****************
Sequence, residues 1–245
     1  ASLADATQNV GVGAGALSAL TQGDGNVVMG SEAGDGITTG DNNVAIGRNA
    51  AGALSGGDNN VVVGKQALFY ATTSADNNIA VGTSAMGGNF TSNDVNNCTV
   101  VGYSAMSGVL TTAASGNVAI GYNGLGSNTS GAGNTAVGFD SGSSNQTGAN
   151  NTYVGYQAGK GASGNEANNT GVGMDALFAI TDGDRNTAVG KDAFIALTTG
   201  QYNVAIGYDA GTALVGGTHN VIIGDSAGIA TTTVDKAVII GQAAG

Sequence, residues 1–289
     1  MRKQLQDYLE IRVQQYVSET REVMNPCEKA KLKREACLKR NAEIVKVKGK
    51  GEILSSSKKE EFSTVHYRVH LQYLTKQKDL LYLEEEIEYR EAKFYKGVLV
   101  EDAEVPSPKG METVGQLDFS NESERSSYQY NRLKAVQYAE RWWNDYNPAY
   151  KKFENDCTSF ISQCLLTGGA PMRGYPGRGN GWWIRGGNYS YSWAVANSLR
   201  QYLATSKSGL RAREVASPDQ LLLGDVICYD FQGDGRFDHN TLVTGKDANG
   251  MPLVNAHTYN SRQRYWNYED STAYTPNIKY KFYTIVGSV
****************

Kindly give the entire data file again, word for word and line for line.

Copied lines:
Sequence, residues 1–245
     1  ASLADATQNV GVGAGALSAL TQGDGNVVMG SEAGDGITTG DNNVAIGRNA
    51  AGALSGGDNN VVVGKQALFY ATTSADNNIA VGTSAMGGNF TSNDVNNCTV
   101  VGYSAMSGVL TTAASGNVAI GYNGLGSNTS GAGNTAVGFD SGSSNQTGAN
   151  NTYVGYQAGK GASGNEANNT GVGMDALFAI TDGDRNTAVG KDAFIALTTG
   201  QYNVAIGYDA GTALVGGTHN VIIGDSAGIA TTTVDKAVII GQAAG

Sequence, residues 1–289
     1  MRKQLQDYLE IRVQQYVSET REVMNPCEKA KLKREACLKR NAEIVKVKGK
    51  GEILSSSKKE EFSTVHYRVH LQYLTKQKDL LYLEEEIEYR EAKFYKGVLV
   101  EDAEVPSPKG METVGQLDFS NESERSSYQY NRLKAVQYAE RWWNDYNPAY
   151  KKFENDCTSF ISQCLLTGGA PMRGYPGRGN GWWIRGGNYS YSWAVANSLR
   201  QYLATSKSGL RAREVASPDQ LLLGDVICYD FQGDGRFDHN TLVTGKDANG
   251  MPLVNAHTYN SRQRYWNYED STAYTPNIKY KFYTIVGSV